How did you stay motivated after graduating?
I had a break after graduating and I managed to get a job at American Apparel before I had even graduated. I got talking to a model from LA who had modelled for American Apparel and she suggested we collaborate together on a shoot. We got together on a lovely day and shot some American Apparel clothes. I then sent them off to American Apparel's offices based in L.A. Not going to lie, they took around three months to reply whether they liked them but then they asked if they could put them on their website which was my first huge paid job.
How do you feel about exposing your work to a big brand so early after graduating?
American Apparel's offices are in LA so it took about three months for them to reply if they liked my images but I assume the more you work, the more you get out of it. I am always taking photos. If you're shooting for a specific brand it's best to study their website/Tumblr and absorb their aesthetic. It will be easier for your own shoot when it comes to understanding the brand's expectations.
What do you think about AA's sexual campaigns?
Every form of art has its place. I believe American Apparel's sexual campaigns belong in an art book. It's not the most ideal type of photography to broadcast in public on billboards and leaflets especially when children may see them so I think the marketing behind the brand is completely wrong and dismissed. Terry Richardson is a very good photographer but there's so many accusations (see here) against him so the whole erotic meets photography thing is a really difficult one. Models sign a contract to say that American Apparel can use any images that are taken which is slightly wrong. If we compare their campaigns to Miley Cyrus, they are both very similar. Is Miley wrong for doing what she does? I don't think so but I can see why people think it's too much, but she does it for a purpose and is good at what she does.
image from google
Are you confident? Any tips on gaining confidence photographing people?
Practice makes perfect. People do terrify me and I can understand why young photographers can feel scared to approach people for a photograph or two. I wanted to be a street style photographer but the thought of approaching cool, quirky or well dressed people terrifies me. All creative people are a little nervous but you have to remember that you're a watcher. The initial fear does go away after a while after lots of practice...and a fag. Everyone has a camera now so the person you are approaching is just a person. It is the complete norm now to take photos of every day people.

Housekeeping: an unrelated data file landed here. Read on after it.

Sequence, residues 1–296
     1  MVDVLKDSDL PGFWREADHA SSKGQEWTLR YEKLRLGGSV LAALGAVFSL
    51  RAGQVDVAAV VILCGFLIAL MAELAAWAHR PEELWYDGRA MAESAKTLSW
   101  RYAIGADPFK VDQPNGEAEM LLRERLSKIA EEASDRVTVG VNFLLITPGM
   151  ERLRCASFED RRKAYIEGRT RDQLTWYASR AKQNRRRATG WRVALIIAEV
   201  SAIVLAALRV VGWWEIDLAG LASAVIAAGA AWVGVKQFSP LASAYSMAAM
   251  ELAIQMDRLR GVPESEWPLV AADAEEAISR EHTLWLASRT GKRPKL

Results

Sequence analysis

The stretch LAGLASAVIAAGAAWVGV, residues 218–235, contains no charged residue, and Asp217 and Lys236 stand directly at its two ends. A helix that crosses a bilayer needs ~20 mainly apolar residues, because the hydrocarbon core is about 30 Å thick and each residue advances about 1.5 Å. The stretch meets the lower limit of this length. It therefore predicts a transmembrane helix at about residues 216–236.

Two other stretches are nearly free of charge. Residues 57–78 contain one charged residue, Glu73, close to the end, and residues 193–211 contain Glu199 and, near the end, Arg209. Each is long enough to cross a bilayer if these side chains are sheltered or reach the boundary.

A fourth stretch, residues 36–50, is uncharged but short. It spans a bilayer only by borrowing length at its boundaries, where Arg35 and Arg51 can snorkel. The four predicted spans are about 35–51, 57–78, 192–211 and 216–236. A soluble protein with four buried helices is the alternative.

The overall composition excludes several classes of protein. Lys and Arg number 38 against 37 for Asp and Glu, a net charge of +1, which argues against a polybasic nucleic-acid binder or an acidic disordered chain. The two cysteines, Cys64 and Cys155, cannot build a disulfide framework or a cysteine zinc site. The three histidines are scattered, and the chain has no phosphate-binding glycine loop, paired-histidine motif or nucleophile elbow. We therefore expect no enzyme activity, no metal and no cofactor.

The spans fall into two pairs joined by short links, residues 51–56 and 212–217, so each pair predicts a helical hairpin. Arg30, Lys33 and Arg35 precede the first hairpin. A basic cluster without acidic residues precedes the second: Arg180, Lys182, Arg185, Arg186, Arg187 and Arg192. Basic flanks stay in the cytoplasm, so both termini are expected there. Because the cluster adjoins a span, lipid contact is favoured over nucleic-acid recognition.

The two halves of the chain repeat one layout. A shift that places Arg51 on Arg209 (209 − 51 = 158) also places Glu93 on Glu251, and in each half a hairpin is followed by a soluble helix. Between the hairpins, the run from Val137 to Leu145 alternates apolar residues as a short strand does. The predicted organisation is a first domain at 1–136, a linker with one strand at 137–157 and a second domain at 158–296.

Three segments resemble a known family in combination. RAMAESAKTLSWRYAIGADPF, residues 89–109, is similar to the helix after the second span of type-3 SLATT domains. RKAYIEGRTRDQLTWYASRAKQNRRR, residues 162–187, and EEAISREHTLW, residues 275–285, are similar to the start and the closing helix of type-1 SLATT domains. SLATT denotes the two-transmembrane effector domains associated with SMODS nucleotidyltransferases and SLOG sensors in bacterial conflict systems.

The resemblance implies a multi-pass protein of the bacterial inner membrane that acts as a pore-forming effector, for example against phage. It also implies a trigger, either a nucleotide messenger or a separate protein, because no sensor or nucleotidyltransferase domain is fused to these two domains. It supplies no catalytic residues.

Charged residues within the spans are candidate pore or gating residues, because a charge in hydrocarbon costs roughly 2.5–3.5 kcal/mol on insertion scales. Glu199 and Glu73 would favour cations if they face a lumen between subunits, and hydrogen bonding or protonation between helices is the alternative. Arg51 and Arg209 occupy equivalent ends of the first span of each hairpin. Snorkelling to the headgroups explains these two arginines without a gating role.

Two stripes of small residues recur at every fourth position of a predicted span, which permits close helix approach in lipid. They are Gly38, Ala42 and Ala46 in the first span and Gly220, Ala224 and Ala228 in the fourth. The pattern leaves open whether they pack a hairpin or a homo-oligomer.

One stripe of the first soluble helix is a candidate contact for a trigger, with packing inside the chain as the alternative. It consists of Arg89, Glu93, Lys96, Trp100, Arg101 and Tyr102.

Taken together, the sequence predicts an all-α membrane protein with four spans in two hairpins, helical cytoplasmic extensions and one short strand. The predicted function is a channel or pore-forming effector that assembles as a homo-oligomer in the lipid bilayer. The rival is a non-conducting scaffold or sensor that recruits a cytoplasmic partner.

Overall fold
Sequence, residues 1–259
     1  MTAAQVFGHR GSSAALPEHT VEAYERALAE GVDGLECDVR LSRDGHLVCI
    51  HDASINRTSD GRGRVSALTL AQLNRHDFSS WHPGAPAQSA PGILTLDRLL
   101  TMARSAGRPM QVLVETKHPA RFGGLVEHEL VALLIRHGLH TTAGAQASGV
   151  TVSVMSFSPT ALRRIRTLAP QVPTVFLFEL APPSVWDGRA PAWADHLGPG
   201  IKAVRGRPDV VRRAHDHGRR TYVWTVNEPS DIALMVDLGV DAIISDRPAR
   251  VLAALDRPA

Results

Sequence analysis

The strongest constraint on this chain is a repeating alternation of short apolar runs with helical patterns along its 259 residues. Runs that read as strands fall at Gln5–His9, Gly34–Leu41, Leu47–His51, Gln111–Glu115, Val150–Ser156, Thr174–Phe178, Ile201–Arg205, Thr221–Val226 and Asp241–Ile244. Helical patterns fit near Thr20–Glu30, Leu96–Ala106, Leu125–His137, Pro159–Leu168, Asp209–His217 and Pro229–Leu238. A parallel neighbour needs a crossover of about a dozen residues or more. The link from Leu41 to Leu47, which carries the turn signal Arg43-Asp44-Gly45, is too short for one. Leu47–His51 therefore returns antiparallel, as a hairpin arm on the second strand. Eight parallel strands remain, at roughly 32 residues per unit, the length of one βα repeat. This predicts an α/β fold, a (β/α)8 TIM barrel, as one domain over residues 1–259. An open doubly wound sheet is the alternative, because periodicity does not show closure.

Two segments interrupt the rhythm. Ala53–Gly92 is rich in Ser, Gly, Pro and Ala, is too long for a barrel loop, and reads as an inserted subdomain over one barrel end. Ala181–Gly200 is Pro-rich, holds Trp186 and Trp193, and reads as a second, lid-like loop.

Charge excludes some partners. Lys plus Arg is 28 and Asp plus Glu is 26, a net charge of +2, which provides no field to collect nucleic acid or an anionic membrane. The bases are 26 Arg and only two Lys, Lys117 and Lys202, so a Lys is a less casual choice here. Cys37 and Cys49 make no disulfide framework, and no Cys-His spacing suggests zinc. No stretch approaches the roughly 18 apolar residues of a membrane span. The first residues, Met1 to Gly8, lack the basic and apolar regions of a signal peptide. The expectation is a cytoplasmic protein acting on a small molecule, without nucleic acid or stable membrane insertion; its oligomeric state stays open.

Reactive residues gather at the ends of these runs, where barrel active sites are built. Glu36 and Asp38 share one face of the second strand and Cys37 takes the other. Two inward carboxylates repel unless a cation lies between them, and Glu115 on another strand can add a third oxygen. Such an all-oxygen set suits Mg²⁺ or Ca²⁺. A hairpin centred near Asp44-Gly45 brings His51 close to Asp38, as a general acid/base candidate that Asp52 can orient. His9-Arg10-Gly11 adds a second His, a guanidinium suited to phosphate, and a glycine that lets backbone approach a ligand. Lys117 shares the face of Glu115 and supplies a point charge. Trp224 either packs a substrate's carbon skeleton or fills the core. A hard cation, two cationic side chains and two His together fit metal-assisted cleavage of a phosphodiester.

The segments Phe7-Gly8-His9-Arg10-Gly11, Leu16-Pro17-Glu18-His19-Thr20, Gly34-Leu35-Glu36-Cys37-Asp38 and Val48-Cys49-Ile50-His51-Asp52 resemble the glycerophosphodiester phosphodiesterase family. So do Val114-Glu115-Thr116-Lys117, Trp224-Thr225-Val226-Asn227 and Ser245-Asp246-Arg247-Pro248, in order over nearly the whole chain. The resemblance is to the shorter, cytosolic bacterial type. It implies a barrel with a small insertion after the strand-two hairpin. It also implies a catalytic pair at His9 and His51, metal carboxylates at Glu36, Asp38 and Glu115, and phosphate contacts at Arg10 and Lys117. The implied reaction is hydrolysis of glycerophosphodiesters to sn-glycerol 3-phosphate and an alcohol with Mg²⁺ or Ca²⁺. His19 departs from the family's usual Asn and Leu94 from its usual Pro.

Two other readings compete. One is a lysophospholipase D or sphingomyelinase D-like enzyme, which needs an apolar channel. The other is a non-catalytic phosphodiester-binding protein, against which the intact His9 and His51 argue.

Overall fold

Do you have any tips for working with models?
Remember they are still a person and make sure you provide lunch!
How do you cast models?
Personally, I go for girls who dress like how I dress or how I want to look. I tend to go for girls who wear black.. possibly with a grungy style as they photograph well on the streets. I like the look of asian girls so I cast a lot of them. I like how they look with the pale white skin and dark hair. A piercing or a tattoo is a keen thing I look for as it's a good topic for conversation making you and the model more relaxed with each other. I work mainly with girls or I prefer boys that look like girls. I don't like guys who are very manly with muscles. It's gross and not my taste. I shoot a lot of friends through getting on well with them. I can make friends out of my job which is always the best perk. I've learnt swell that if you want to shoot a group of certain people, you need to hang around with them so they gain trust and become comfortable around them. Become friends and they'll almost become vain for your camera.
How do you get main board faces?
Contact model agencies and shoot new faces LOTS and they will eventually trust you more. Also, make sure you have a good production i.e a good makeup artist/stylist etc.